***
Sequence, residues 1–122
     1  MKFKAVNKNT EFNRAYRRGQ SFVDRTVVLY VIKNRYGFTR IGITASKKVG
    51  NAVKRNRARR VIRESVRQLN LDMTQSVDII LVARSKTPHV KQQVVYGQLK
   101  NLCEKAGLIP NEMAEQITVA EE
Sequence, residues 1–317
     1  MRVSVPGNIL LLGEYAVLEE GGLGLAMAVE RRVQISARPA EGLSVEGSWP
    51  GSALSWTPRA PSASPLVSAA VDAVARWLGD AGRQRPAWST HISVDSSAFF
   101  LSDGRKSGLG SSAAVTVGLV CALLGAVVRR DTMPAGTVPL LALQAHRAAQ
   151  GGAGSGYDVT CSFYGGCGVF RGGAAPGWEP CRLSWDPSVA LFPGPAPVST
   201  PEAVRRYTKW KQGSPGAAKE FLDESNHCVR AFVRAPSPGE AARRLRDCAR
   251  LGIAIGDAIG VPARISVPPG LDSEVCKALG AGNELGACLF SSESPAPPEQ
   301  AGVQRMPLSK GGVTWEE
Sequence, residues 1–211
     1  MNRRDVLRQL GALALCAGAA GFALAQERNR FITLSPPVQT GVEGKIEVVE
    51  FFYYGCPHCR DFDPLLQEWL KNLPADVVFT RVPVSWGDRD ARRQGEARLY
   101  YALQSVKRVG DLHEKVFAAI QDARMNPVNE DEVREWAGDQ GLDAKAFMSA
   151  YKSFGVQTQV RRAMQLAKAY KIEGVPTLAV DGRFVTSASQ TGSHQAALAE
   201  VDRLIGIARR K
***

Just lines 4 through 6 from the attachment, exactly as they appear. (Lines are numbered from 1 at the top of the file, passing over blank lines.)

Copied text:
   101  NLCEKAGLIP NEMAEQITVA EE
Sequence, residues 1–317
     1  MRVSVPGNIL LLGEYAVLEE GGLGLAMAVE RRVQISARPA EGLSVEGSWP